July 10, 2014

LCME grants full accreditation to School of Medicine

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029vickers.NAL2013The UAB School of Medicine achieved the highest level of accreditation available to a medical school in the United States by the Liaison Committee on Medical Education after a rigorous, two-year self-study process that began  in 2012 and culminated in a visit from the LCME site survey team March 9-12, 2014.

In a letter sent to UAB President Ray L. Watts earlier this week, the LCME notified leaders of the accreditation status —valid for eight years— and commended the School of Medicine on its strengths in allowing the exploration of diverse aspects of medicine through student electives and in present and anticipated financial resources. The letter also noted the school’s ongoing efforts in diversity, especially in recruiting more female faculty, and in the continued development of the three branch campuses.

 “We are very pleased by the LCME’s review of our medical school,” Selwyn M. Vickers, M.D., dean and senior vice president for Medicine, says. “Many people deserve credit for years of hard work, including Dr. Watts, who was dean when the LCME process began, and Dr. Anupam Agarwal, who continued leading the LCME efforts while interim dean and senior vice president." Vickers also credits professor and former dean Dr. Bob Rich and Dr. Hughes Evans, chair of the Department of Medical Education and senior associate dean for Education, for leading a small army of faculty and staff on a mission to achieve full accreditation.

“Full accreditation is a measure of the excellence of our faculty, students and staff. It is a point of pride for UAB, the Birmingham Region and the state of Alabama,” Vickers says. Roughly 85 percent of UAB medical students are from Alabama, and recent focus has aimed at increasing the ranks of primary care physicians in Alabama, especially in rural areas that face physician shortages, to complement the complete spectrum of surgical and medical subspecialties. 

LCME accreditation is a peer-review process of quality assurance to determine if a medical school program located in the United States or Canada meets established standards in medical education. Full accreditation is not guaranteed, and many well-regarded schools receive less than a full eight years of re-accreditation.

Rich chaired the LCME executive committee, an eight-member group charged with oversight in the process, preparation the self-study and readying for the site visit. He says the hard work dedicated faculty, staff and students put into the re-accreditation process showed in UAB’s outcome.

“Receiving full accreditation is wonderful news; the limited areas for improvement noted is a strong affirmation and a great indicator of the quality of medical education at UAB,” Rich says. “We’re stronger than we were when the self-study process began. We took a long look at our institution and began making changes in areas where we felt there could be improvement, which is the whole point of the accreditation process.”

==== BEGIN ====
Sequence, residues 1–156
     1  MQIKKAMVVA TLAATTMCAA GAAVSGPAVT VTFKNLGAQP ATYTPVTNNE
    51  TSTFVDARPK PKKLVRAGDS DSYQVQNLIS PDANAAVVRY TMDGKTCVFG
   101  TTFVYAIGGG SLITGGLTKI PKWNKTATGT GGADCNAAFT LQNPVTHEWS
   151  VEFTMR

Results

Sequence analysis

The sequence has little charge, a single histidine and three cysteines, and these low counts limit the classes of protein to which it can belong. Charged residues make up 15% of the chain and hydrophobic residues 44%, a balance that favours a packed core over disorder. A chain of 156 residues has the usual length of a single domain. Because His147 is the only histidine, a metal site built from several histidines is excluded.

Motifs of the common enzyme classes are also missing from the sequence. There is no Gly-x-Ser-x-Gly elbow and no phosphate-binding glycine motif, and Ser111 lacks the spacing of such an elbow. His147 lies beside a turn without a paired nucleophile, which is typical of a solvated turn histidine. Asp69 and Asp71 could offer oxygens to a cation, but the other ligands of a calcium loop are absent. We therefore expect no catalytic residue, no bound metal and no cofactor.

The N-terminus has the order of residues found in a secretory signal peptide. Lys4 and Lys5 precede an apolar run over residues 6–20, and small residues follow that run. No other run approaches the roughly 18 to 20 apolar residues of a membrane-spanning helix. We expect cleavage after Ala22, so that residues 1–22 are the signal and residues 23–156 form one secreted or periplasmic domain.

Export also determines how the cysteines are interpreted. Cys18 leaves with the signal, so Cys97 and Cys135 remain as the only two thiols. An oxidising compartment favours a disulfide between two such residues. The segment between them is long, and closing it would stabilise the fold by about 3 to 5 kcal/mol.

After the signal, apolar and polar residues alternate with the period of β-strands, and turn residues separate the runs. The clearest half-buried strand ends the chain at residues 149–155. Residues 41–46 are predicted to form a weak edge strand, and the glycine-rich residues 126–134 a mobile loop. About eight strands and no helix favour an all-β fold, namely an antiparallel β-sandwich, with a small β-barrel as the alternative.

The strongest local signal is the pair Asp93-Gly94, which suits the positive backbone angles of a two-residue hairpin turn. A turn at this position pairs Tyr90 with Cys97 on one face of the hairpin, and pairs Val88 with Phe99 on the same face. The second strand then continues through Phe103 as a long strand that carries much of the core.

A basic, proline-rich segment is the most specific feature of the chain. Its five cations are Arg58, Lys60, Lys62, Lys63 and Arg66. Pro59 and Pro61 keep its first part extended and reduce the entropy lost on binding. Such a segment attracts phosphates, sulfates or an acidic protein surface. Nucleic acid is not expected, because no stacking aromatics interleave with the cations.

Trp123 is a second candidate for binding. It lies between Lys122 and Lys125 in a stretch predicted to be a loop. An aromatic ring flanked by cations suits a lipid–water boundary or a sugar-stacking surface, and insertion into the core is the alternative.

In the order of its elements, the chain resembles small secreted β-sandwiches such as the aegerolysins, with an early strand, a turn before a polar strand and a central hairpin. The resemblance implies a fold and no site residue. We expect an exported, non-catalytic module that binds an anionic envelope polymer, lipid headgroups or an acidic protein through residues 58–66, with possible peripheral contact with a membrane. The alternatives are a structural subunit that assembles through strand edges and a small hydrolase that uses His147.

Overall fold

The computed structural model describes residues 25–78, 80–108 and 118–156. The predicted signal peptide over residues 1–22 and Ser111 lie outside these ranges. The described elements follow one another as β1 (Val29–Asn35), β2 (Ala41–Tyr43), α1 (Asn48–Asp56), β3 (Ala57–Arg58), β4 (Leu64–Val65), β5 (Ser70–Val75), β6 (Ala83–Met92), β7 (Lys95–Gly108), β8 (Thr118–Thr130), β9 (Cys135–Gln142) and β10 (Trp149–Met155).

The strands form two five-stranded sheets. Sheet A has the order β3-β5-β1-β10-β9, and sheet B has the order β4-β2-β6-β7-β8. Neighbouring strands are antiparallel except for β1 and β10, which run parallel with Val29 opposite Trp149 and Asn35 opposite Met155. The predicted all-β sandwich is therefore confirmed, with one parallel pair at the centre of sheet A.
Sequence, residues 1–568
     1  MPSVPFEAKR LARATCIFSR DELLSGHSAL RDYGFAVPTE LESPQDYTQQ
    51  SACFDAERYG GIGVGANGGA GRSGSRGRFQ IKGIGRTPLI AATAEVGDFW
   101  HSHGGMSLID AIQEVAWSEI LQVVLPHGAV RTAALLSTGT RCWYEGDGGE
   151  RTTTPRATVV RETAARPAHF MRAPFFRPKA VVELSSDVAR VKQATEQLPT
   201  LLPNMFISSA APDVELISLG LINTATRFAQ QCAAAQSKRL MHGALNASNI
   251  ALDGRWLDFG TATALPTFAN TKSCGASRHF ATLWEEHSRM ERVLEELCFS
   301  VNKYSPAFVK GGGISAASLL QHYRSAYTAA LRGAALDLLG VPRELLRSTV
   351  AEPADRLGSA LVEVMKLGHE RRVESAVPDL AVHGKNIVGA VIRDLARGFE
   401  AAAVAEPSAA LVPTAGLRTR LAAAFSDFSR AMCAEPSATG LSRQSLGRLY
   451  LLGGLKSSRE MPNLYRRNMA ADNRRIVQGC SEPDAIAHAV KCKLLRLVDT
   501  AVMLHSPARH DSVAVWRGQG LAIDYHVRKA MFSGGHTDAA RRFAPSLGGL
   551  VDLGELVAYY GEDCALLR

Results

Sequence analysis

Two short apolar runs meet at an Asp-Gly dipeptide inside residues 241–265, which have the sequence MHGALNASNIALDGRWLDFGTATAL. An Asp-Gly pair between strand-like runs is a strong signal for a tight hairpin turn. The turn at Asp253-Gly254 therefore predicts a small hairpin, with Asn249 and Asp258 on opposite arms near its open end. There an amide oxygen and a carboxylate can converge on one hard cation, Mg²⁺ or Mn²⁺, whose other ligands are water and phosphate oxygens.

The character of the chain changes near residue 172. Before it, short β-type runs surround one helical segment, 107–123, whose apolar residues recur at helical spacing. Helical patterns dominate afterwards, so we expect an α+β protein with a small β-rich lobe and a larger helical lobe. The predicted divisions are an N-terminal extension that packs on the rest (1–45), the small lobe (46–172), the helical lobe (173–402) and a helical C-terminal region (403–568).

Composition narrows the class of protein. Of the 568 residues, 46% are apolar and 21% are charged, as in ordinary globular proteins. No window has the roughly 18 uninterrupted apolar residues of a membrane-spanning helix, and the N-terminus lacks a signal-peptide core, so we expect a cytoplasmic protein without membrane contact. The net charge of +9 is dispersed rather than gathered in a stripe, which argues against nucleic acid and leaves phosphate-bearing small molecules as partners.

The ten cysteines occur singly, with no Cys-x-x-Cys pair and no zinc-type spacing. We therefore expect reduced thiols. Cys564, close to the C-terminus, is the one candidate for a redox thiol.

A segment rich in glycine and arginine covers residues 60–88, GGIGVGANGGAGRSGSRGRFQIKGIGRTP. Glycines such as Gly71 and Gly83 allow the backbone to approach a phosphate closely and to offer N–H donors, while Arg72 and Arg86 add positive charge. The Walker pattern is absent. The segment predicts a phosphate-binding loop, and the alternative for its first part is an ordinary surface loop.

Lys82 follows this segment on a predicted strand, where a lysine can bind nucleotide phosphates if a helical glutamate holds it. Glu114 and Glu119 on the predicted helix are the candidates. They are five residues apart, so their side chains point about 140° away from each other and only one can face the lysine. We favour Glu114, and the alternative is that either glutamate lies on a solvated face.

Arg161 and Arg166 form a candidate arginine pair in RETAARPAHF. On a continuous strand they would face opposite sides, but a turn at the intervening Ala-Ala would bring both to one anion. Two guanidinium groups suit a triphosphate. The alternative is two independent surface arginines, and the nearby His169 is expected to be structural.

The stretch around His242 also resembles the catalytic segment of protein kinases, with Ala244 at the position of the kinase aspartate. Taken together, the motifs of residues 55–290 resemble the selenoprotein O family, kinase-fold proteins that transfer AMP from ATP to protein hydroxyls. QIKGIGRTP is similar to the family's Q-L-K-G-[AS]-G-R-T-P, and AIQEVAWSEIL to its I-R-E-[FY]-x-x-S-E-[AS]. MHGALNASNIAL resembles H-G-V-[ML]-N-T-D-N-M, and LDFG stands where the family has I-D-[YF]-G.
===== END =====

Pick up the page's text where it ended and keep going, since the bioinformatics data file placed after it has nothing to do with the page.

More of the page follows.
“Full accreditation is a measure of the excellence of our faculty, students and staff. It is a point of pride for UAB, the Birmingham Region and the state of Alabama.”  
“Students should see the full accreditation as validation that their medical education is among the very best available,” Evans says. “Future students, as well as future faculty members, can consider UAB a place of very high quality, offering educational and teaching opportunities that rival any medical school in the country.” 

Representatives from each of the School of Medicine’s campuses were recruited to serve on committees in five dedicated areas—institutional setting, educational programs, educational resources, medical students and faculty—and each committee worked collectively with content experts to appropriately address questions and prepare the self-study database. Students from each class were also recruited to develop and lead an Independent Student Analysis, meeting separately with the committees to discuss the ISA findings and suggest improvements.  UAB was specifically commended at the time of the Site Survey for the quality of the self-study and student analysis.

The LCME identified two areas the School of Medicine needs to address: the dependence on lectures, rather than self-directed or active learning, during the preclinical years; and reports that faculty observations of students’ core clinical skills are low in some clerkships.

Rich says plans are in place to address the two areas. A proposal from the Office of Undergraduate Medical Education to reduce the number of lectures during students’ pre-clinical years by 10 percent each year for two years was approved by the Medical Education Committee in February 2014—before the LCME site visit— and will be effective with the upcoming academic year. Rich said there is also a plan more communication between faculty and students regarding clinical skills observation during clerkship rotations.

School of Medicine leaders will submit a status report to LCME leadership next year to provide updates regarding the areas of concern. The next full survey for re-accreditation for the School of Medicine will take place in the 2021-2022 academic year.